When Rosa Parks came to Stanford
John Rickford, professor emeritus, reflects on Parks’ 1990 visit to campus, her mark on American history, and the memento she left behind at Stanford.
Hanging on a wall in the foyer of Arroyo House is a framed portrait of a woman in a hat and overcoat sitting on a bus. Written on the picture is a message:
“To Arroyo House, Rosa Parks. Thanks for your cordial hospitality,” signed on Sunday, Feb. 18, 1990, by Parks, who was then 77 years old.
Thirty-three years later, the portrait remains an inconspicuous memento and a subtle reminder of the iconic activist’s visit to Stanford. Professor Emeritus John Rickford remembers it well.
“She had a very lucid memory and was sprightly and energetic,” Rickford said.
Rickford, who taught linguistics in the School of Humanities and Sciences, and his wife Angela, Stanford PhD ’96, who was a professor of literacy education at San Jose State University, were resident fellows at Arroyo House from 1988 to 1990. In the fall of 1989, one of their resident assistants, Matt McLeod, approached them with the idea of inviting Parks to Stanford.
Parks’ famous 1955 arrest on a bus in segregated Montgomery, Alabama, sparked a year-long bus boycott that catapulted Martin Luther King Jr. to national prominence and made her one of the most celebrated figures of the civil rights movement. Rickford was skeptical that she would accept their invitation.
“I thought, ‘Yeah right. That’s like bringing the president of the United States or something,’ ” he recalled.
But it turned out that Parks had plans to come to California the following February and was happy to arrange a visit to Stanford. The Rickfords and three of their resident assistants organized two days of programming for Parks that included a visit to Arroyo House, a press conference and reception, and a celebratory gathering at Memorial Auditorium in her honor.
“I was just blown away that this icon of the civil rights movement was coming,” said Rickford, who recounts Parks’ visit in his new memoir, Speaking My Soul: Race, Life and Language (Routledge, 2022), a retelling of his journey from his native Guyana to Stanford.
An icon at Stanford
Parks and her assistant arrived at Arroyo House on that Sunday to visit with residents, and privately with the Rickfords.
“She came into our little resident fellow apartment, which is next to the dorm,” Rickford said.
When he and his wife introduced Parks to their children, their 5-year-old son unexpectedly jumped into her lap. When the Rickfords quickly objected, Parks dismissed them and embraced the child.
“She really loved kids,” he said.
The press conference took place inside the Arroyo House lounge. About a dozen local reporters arrived to hear Parks describe life under southern racial segregation in the 1950s and the events that sparked the Montgomery Bus Boycott.
Rickford explained that at that time, buses in Montgomery had sections for white passengers in the front, and sections for Black passengers in the back. Black passengers had to enter the front to pay their fare, then immediately exit and reenter at the back entrance. But after they paid and exited, white drivers would often drive forward and make Black passengers chase the bus, just to ridicule them. Drivers would pass by some stops, forcing Black passengers to walk to their destination, or even refuse to pick up Black passengers altogether.
“It was always a very oppressive and humiliating way of life, and it did not seem to be getting better,” Parks said at the press conference, noting that violence – often fatal – was frequently used to perpetuate the oppression.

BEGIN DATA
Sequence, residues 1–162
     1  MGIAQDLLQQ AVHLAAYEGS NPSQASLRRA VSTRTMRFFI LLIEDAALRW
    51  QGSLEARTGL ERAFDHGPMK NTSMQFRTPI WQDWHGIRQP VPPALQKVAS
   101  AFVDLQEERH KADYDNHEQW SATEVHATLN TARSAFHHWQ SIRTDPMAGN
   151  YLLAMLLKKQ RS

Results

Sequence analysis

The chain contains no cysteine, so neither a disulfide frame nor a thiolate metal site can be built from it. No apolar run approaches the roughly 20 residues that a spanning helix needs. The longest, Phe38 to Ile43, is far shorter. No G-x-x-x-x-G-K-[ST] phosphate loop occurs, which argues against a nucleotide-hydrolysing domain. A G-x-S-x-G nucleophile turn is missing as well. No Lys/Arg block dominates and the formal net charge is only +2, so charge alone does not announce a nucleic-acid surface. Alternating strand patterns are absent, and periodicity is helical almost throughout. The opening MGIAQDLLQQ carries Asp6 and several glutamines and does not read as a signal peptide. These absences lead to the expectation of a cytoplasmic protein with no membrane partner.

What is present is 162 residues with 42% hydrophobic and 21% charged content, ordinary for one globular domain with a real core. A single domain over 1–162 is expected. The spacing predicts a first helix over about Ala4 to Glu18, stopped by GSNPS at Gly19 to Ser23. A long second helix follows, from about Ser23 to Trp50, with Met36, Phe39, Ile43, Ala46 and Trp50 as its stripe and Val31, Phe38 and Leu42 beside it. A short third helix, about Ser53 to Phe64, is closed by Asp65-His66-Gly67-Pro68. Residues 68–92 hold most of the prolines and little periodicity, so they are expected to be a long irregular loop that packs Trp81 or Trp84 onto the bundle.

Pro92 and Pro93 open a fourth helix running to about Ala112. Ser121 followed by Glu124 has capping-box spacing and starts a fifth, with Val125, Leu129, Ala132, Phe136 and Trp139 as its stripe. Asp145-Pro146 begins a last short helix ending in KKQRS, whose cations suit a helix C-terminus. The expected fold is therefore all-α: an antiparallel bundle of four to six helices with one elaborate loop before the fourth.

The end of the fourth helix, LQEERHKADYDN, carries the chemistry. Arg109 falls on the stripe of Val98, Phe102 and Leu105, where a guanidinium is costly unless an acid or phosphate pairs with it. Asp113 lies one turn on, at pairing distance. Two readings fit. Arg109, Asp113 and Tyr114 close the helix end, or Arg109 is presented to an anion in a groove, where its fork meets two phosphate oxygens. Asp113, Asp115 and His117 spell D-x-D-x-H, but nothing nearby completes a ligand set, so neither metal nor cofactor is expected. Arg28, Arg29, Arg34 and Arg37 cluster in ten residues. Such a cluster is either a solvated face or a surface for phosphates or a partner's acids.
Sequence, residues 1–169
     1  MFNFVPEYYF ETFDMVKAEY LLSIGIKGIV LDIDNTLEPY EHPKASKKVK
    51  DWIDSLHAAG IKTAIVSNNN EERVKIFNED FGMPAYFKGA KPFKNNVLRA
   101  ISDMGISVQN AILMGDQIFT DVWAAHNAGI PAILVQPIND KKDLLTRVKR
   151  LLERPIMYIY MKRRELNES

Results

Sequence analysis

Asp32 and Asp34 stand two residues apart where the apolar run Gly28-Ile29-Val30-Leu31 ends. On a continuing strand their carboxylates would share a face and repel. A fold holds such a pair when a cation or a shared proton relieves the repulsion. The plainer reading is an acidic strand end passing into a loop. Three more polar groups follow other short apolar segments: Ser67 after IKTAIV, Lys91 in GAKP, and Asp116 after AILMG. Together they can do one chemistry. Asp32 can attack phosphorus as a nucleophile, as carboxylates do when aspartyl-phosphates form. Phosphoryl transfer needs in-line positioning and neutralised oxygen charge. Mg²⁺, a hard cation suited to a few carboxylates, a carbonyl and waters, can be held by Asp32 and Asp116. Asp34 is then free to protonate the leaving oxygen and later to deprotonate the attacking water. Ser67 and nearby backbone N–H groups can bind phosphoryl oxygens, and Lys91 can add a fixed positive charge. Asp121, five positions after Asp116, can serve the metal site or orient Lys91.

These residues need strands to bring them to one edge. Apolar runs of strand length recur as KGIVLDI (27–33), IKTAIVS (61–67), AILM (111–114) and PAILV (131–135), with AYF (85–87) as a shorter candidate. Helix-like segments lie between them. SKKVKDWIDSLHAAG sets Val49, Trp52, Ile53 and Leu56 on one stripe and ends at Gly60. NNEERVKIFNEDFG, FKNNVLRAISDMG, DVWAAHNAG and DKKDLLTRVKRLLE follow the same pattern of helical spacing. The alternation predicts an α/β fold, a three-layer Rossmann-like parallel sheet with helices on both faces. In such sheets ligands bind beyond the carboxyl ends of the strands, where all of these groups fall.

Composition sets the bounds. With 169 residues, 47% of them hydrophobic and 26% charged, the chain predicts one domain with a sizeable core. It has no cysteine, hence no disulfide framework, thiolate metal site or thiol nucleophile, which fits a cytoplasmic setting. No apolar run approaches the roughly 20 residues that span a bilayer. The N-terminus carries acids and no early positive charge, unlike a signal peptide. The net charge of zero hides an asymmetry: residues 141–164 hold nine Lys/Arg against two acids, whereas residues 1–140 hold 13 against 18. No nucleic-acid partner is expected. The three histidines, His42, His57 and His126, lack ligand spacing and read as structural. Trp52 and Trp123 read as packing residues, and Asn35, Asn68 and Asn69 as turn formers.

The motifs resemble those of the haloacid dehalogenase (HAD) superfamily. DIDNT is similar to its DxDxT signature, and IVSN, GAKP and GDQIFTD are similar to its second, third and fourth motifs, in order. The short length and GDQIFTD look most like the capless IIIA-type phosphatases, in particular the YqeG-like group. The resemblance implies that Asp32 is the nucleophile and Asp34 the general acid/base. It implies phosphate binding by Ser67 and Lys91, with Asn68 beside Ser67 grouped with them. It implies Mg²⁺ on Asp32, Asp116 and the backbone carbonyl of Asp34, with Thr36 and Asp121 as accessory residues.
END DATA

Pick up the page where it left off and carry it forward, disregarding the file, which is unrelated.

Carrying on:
Parks recounted for the reporters the moments that led up to her famous arrest on Dec. 1, 1955. She also recalled what the bus driver said to her when she refused to give up her seat for a white passenger.
“He told me if I didn’t stand, he was going to have me arrested and I agreed with him that was what he should do,” she said. Two police officers arrived, arrested Parks, and booked her at a local jail.
“I was willing to face whatever consequences I had to, to let it be known that I did not feel I was being treated fairly as a passenger or a person,” she said.
There’s a common misperception that Parks wouldn’t give up her seat simply because she was tired. But Rickford explained that she was involved in political activism, served as a senior adviser to the NAACP Youth Council, and, on that day in 1955, was standing up against racial segregation on the buses.
“She had a very strong political side that I don’t think people often recognize,” Rickford said.
The “Thank you Rosa Parks,” event took place the following day, Monday, Feb. 19 (Presidents’ Day), in a packed Memorial Auditorium. Rickford estimated the public gathering attracted as many as 1,700 people from across Stanford and the Bay Area.
Attendees from Stanford and the surrounding community took to the stage to give remarks or perform, to celebrate and pay their respects to Parks. At the close of the program, Parks expressed her gratitude for the invitation and spoke briefly about her life and legacy.
“Seeing her and hearing her was a big deal for the audience,” Rickford said.
The event was well-received by students and visitors who traveled to Stanford to see her, and then-President Donald Kennedy wrote a congratulatory note to the Arroyo House residents who organized the event.
Rickford and his wife, Angela, recently visited Arroyo House and the resident fellow’s cottage where they had hosted Parks back in 1990. Pausing at the signed portrait Parks had given Arroyo residents, Rickford reflected on Parks’ enduring legacy and the power of her defiance.
“Various people had tried challenging racial segregation laws in many ways and had been singularly ineffective,” he said. “But she did it in a big way.”
Digitized materials documenting Rosa Parks’ visit to Stanford, including a recording of the press conference, are available in the Stanford Libraries archives.